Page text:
How Harper has failed to transform Canada’s foreign policy: a response to Ibbitson.

The piece was a tad  haphazard and  it would be possible to take issue with  any number of his points but here are the four fatal flaws in Ibbitson’s article “How Harper transformed Canada’s foreign policy.”

Populist does not mean more democratic. A government that panders to the electorate and shapes a foreign policy accordingly  is not necessarily engaging Canadians in the foreign policy process. A government that is in constant election mode will in fact make sure every policy is carefully crafted to maximize political impact. That is neither statecraft nor  grand strategy; it  is merely the new political governance . Small ball as some would call it. Slice and dice as others would describe it.

Gone are the days of elitist foreign policy. That means you too Mr Ibbitson. Haven’t you noticed? Harper doesn’t need the mainstream media around. He goes right to the people and doesn’t need or want the spin  and counterspin from journalists (and academics). He has his political staff and advisors  to do all that for him.

Ibbitson has provided no proof that a Harper foreign policy produces better outcomes for Canadians. In fact neither has the government. Debates over WHO can produce the better outcome are purely  ideological. Hardly the pragmatic stuff Ibbitson believes is at the core of this transformation.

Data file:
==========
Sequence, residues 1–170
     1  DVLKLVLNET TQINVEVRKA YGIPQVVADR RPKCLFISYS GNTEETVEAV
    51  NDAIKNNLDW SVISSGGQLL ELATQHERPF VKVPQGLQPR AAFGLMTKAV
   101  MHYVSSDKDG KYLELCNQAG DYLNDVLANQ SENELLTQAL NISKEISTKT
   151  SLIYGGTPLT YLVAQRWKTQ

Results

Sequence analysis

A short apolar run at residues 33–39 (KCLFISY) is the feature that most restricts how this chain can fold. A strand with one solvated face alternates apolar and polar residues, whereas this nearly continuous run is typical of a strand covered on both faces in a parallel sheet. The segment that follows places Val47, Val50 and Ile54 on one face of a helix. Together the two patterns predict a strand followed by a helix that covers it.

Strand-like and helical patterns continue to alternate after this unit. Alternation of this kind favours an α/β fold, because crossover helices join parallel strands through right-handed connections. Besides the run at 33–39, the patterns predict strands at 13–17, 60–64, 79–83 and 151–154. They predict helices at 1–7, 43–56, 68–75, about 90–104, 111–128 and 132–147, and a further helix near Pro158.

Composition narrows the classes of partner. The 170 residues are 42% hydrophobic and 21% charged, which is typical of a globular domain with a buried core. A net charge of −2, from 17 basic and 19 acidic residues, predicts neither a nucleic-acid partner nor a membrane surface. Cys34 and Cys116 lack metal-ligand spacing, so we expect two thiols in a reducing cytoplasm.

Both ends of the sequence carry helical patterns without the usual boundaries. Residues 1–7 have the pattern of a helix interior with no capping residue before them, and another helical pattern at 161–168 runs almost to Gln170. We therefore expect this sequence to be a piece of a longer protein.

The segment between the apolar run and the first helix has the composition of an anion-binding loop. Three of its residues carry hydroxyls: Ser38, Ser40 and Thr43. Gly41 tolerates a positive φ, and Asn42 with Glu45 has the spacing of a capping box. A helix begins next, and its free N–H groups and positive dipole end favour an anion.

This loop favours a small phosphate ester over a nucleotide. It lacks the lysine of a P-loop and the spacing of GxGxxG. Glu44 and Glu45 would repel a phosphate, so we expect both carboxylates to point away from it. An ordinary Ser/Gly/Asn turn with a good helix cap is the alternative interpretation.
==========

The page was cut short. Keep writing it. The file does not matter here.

Harper has presided over the longest war in Canadian history and yet there is not a single moment  during that war that we would clearly  associate Harper  with decisive leadership  in defence of the national interest. Not exactly the catalyst for change that Canada needs.

There are other claims one could take issue with. For example whether bilateral trade agreements are really trade creation or merely trade diversion – assuming that a majority of these relatively tiny trade deals have actually resulted in something tangible – which remains open to debate. Or that Ibbitson fails to point out that the provinces are outpacing the federal government in shaking up the economic landscape  by making trade deals that really work for Canadians (for example CETA has its origins in Quebec-France relations and draws its impetus from that long standing relationship). Or that both the Canada-India and Canada-China free trade deals are still far off, essentially stalled and so far are not working out as planned. Or that, despite making trade a priority, our economic relationship with the US is not nearly as  strong as it should be (witness the delays on Keystone for example). These are points that I will take up in detail at a later date.

David Carment
Professor of International Affairs,
CDFAI Fellow  and Editor  –  Canadian Foreign Policy Journal

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